About a quarter of the worldwide production of lentils is from India, most of which is consumed in the domestic market. Canada is the largest export producer of lentils in the world, and Saskatchewan is the most important producing region in Canada (growing 99% of Canadian lentils). Statistics Canada estimates that Canadian lentil production for the 2009/10 year was a record 1.5 million metric tons. The most commonly grown type is the Laird lentil.
The Palouse region of eastern Washington and the Idaho panhandle, with its commercial center at Pullman, Washington, constitute the most important lentil-producing region in the United States. Montana and North Dakota are also significant lentil growers. The National Agricultural Statistics Service reported United States 2007 production at 154.5 thousand metric tons.
The lens (double-convex shaped) is called as such because an optical lens is similar in shape to the lentil. Lens is the Latin name for lentil.
Lentils were a chief part of the diet of ancient Iranians, who consumed lentils daily in the form of a stew poured over rice.
Lentils are also commonly used in Ethiopia in a stew-like dish called kik, or kik wot, one of the dishes people eat with Ethiopia's national food, injera flat bread. Yellow lentils are used to make a non-spicy stew, which is one of the first solid foods Ethiopian women feed their babies.
In the Indian Subcontinent, Dhal or lentil curry is part of the everyday diet, eaten with both rice and roti. Boiled lentil & lentil stock are used as thickening agent in most vegetarian curries. They are also used as stuffing in Dal Parathas & Puris. Lentils are also used in many regional varieties of sweets. It is considered to be one of the best foods because the internal chemical structures are not altered by cooking.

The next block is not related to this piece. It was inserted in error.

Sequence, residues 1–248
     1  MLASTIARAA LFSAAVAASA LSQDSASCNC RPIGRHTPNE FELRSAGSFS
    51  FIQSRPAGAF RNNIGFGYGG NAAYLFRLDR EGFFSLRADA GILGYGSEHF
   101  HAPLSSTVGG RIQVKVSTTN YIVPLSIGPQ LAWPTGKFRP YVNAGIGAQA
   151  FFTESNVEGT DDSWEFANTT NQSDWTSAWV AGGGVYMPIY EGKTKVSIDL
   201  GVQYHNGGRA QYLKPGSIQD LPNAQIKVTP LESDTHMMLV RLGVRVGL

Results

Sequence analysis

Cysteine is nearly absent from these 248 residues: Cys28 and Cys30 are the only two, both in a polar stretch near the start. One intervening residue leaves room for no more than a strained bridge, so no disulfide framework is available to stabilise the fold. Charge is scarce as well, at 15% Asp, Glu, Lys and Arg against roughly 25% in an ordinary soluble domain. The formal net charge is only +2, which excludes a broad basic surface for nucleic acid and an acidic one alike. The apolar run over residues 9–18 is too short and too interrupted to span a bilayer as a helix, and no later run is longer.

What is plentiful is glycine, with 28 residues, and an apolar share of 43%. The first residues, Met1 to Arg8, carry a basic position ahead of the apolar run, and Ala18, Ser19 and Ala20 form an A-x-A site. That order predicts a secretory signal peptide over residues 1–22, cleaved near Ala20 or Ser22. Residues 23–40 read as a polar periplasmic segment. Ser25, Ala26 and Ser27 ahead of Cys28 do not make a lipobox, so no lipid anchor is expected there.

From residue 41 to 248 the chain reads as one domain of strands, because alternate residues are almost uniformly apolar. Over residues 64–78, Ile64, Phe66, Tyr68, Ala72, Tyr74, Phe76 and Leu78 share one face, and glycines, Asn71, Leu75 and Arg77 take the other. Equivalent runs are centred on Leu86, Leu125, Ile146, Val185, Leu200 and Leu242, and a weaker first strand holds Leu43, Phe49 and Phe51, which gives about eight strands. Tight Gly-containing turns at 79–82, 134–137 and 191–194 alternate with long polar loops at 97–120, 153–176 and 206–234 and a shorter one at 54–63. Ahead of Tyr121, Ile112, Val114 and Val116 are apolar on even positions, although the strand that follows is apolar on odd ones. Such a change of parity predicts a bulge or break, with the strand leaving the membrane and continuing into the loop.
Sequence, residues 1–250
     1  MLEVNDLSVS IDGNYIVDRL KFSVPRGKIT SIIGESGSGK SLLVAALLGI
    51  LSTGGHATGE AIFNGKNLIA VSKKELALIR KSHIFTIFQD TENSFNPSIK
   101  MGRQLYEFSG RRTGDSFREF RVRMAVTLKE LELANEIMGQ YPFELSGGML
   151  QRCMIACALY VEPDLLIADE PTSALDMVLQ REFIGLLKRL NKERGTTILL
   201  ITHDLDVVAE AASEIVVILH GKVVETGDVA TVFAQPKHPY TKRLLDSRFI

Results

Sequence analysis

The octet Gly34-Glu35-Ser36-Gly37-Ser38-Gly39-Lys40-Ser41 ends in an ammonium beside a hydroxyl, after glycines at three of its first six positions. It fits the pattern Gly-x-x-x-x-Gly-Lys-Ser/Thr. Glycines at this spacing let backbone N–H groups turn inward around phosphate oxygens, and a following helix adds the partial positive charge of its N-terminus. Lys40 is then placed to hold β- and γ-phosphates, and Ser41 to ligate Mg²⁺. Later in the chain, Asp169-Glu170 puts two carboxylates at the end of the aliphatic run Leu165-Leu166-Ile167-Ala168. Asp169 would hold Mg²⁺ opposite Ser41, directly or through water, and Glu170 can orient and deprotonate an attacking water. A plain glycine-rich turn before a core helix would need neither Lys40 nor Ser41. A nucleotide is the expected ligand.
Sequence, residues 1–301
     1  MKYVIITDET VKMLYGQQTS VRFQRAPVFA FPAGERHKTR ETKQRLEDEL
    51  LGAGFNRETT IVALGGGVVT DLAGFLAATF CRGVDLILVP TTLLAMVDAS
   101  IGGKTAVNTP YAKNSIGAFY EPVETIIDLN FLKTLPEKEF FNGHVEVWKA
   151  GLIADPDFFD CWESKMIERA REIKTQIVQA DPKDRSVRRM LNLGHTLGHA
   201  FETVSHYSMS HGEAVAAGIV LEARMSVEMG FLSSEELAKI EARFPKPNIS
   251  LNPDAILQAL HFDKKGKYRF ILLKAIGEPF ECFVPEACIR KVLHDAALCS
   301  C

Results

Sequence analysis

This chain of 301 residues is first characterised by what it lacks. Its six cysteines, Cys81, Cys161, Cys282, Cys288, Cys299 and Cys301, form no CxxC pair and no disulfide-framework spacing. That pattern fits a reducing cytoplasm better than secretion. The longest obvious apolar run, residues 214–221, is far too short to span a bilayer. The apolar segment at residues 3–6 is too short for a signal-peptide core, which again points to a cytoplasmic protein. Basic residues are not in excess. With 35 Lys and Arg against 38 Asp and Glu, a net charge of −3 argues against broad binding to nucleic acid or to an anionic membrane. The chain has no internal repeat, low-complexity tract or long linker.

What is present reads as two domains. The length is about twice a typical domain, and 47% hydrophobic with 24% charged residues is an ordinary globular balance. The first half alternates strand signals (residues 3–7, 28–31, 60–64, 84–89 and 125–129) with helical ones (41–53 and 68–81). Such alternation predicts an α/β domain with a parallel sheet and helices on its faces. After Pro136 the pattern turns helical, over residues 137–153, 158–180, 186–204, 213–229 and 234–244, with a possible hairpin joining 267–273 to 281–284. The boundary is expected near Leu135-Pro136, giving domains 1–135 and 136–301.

- Lentil soup
- National Lentil Festival
- Revalenta arabica, a 19th-century patent medicine made of lentils
- Pigeon pea, sometimes mistakenly called "yellow lentils"
- Leah A. Zeldes (16 February 2011). "Eat this! Lentils, a prehistoric foodstuff". Dining Chicago. Chicago's Restaurant & Entertainment Guide. Retrieved 4 August 2011.
- "Ajwaini Panch Dal". Retrieved 14 February 2014.
- "Red lentil recipes". BBC. 2011. Retrieved 4 August 2011.
- "Nutrition Facts for Raw Lentils, 100 g". Conde Nast, USDA National Nutrient Database, version SR-21. 2014. Retrieved 24 March 2015.
- "USDA nutrient database". Retrieved 19 September 2014.
- Mudryj AN, Yu N, Aukema HM (2014). "Nutritional and health benefits of pulses". Appl Physiol Nutr Metab 39 (11): 1197–204. doi:10.1139/apnm-2013-0557. PMID 25061763.
- Kawaljit Singh Sandhu, Seung-Taik Lim Digestibility of legume starches as influenced by their physical and structural properties Elsevier, 16 March 2007
- Tovar J (1996). "Bioavailability of carbohydrates in legumes: digestible and indigestible fractions". Arch Latinoam Nutr 44 (4 Suppl 1): 36S–40S. PMID 9137637.
- Vidal-Valverde C, Frias F, Estrella I, Gorospe MJ, Ruiz R, Bacon J (1994). "Effect of processing on some antinutritional factors of lentils". J Agric Food Chem 42 (10): 2291–2295. doi:10.1021/jf00046a039.
- "2013 World Production Statistics for Lentils". Food and Agricultural Organization of the United Nations, Statistics Division. 2015. Retrieved 24 March 2015.
- "Lentil (Lens culinaris)". Pulse Canada. Retrieved 24 January 2015.
- "Crops Market Information - Canadian Industry". Retrieved 19 September 2014.
- "Crop Profile for Lentils in Idaho". Department of Plant, Soil and Entomological Science, University of Idaho (web site). 2000.
- "Production of Lentils by Countries". UN Food & Agriculture Organization, Statistics Division. 2013. Retrieved 24 March 2015.
- Alan Davidson, The Oxford Companion to Food. ISBN 0-19-211579-0
- S S Yadav et al. Lentil: An Ancient Crop for Modern Times. (2007). Springer Verlag. ISBN 9781402063121.
|Wikimedia Commons has media related to Lens culinaris.|
|Wikibooks Cookbook has a recipe/module on|